Ousted New York Times editor Jill Abramson walks in with faculty and staff during commencement ceremonies at Wake Forest University on May 19, 2014, in Winston Salem, N.C.
In a single week earlier this month, Jill Abramson, the first woman to serve as executive editor of the New York Times, resigned under duress, and Natalie Nougayrède resigned as editor-in-chief of France's leading newspaper, Le Monde, complaining in an open letter of having been undermined. What, if anything, do these high-profile dismissals tell us about women in senior workplace positions?
The Times announced Abramson's departure in a front-page story filled with barbs and swipes, the kind of piece that even the most ineffectual senior male editor never sees in print upon his dismissal from a job. Abramson fought back assertively in a brief battle for public perception, with someone having leaked details of an $80,000-plus gap between her salary and that of her male predecessor in the same role.
On both sides of the Atlantic, observers mused predictably over the woman's "management style." Abramson was described as "pushy," while Nougayrède was "authoritarian" and "Putin-like." No one, incidentally, friend or foe, made the case that either woman failed in their business objectives during their tenures. Their style was the substance of the coverage—and thus of the backlash to that coverage.
It was bizarre to see Abramson, a top investigative reporter whose task was to help reporters get the story against many obstacles, be castigated as "peremptory," aggressive, tough, and "sharp"-tempered. How was she to do her job without those attributes? Had she been otherwise, she would have been castigated as a weak, indecisive leader.
One would think that by now we had moved beyond a double standard in how men's and women's leadership styles are perceived. Unfortunately, for women in charge, a "management myth"—akin to the "beauty myth" or to Betty Friedan's "problem that has no name"—persists. And, as long as there is a perceived problem with women's leadership styles, no woman can lead a major organization so soothingly, diplomatically, and charmingly that epithets like "pushy," "bossy," and "Putin-like" will not follow her the minute someone wants to shove her out the door. The question is not about women's leadership styles at all; it is simply about moving the goalpost.
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So let us speak frankly, facing a taboo, about what it means to be a senior woman leading effectively: it means that one will occasionally contradict a man, however politely; overrule a man, however courteously; disregard a man's strategic advice, no matter how gently the decision is put; and tell a junior man, however tactfully, that he is not performing well enough. These are the intolerable moments, the social red lines that female leaders must cross. And this is the problem with women's leadership style: By definition, doing one's job means angering certain kinds of men.
The truth is that there are not two kinds of women who lead in different ways, one magically soothing and impeccably feminine, and the other dictatorial and insufferable. Rather, there are two kinds of men: those who can handle the moments described above, and who can, through their own maturity, personal evolution, or fortunate family upbringing, manage to process those moments in a purely professional context, and those who, for whatever reason, simply cannot.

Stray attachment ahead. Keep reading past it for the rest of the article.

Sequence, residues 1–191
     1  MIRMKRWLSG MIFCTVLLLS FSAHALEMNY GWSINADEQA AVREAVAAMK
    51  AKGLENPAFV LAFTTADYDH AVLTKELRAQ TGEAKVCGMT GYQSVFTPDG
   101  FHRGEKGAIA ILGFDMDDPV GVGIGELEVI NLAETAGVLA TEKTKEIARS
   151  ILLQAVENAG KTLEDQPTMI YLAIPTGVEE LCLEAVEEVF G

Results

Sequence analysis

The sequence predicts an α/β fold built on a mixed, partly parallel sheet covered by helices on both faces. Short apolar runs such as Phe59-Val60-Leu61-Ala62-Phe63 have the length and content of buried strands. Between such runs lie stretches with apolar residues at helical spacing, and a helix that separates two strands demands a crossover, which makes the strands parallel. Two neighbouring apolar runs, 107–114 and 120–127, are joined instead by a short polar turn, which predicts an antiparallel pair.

The problem with senior women's management style lies with the second category of men at work. This is the untold secret of women's struggle in the workplace: if you ask any senior woman off the record, she is likely to agree that most of her male colleagues have no problem with women's authority, but that some simply cannot abide it, no matter how it is wielded.
So we should stop analyzing women's management styles as if there were some foolproof way to cross the minefield of power. Instead, we should start to analyze why most men have evolved to the point that they accept women's authority, while others—like whoever commissioned that front-page annihilation of Abramson at a time when smearing her served no professional purpose—still cannot.
Interestingly, in fields where women hold many senior positions, like book publishing, it is rare to see analyses of women's management styles. The same is true of academic administrators, whether they are presidents of women's colleges or mixed-gender colleges and universities. Women lead on the micro level as well, as development projects like Grameen Bank have shown, and outperform men in comparable roles.
These publishers, presidents, and micro-entrepreneurs all have track records of accomplishment. Could their matter-of-fact achievement be due in part to the fact that their presence is taken for granted and that they are often allowed simply to get on with being effective?
What if all workplaces were like that? What if we dropped once and for all the impossible mirror that always distorts female leadership into something monstrous? Part of strong leadership is to trust your gut instincts. The cultural second-guessing surrounding the dismissal of Abramson and Nougayrède ensures that women leaders cannot do that without having their leadership instincts held up to constant inspection.
Naomi Wolf is a political activist and social critic whose most recent book isVagina: A New Biography.
Copyright: Project Syndicate, 2014